Rita Argen Auerbach preserves her watercolor paintings just as she is preserving Buffalo architecture. Auerbach is a watercolor artist that paints landscapes and architecture from the Western New York area as well as other places inspired by her widespread travel throughout the country and abroad. She has an extensive history as an educator, has been represented in numerous museums and collections, and has several honors acclaiming her body of work.
I took a particular interest in Rita’s Buffalo architecture inspiration. There is a unique connection between watercolor and architecture. As a student just learning the basics of watercolor, I have quickly realized that it can be a devious and challenging medium to use, but the connection lies in the preservation of a finished painting. It seems that watercolor paintings need to be taken care of like a small child; the careful application of paint, the delicate handling, and the monitoring of light exposure prove to be captivating challenges to artists. There is a strong emphasis on preservation and perpetuation, and in a sense Auerbachs’ works can be said to be preserving Buffalo architecture through painting.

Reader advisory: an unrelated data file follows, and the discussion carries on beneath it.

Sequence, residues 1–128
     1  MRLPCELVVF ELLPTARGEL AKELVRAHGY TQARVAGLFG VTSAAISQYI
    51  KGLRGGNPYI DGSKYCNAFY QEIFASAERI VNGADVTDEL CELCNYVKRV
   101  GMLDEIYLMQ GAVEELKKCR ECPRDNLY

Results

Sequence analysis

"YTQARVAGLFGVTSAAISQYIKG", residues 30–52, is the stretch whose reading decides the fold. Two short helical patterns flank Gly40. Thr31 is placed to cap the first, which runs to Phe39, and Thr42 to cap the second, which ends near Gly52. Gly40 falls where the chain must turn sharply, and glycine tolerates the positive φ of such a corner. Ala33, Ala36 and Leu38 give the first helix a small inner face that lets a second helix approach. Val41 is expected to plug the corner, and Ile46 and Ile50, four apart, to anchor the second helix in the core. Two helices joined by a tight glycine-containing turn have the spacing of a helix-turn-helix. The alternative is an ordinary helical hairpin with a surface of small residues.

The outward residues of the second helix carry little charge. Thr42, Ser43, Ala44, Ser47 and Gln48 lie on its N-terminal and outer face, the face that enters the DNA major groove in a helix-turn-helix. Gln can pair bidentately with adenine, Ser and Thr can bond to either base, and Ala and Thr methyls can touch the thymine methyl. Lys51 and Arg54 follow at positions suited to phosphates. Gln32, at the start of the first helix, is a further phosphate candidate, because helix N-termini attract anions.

I am sure a connection can be found throughout the anthology of watercolor, and I am curious to see if others view watercolor in the same light. What other artists, collections, or paintings in watercolor would you characterize as highlighting a theme of preservation?
Daniel Tarnowski is a graduate student at Buffalo State College in Technology Education. His undergraduate degree is from the University at Buffalo in Environmental Design with a minor in Architecture.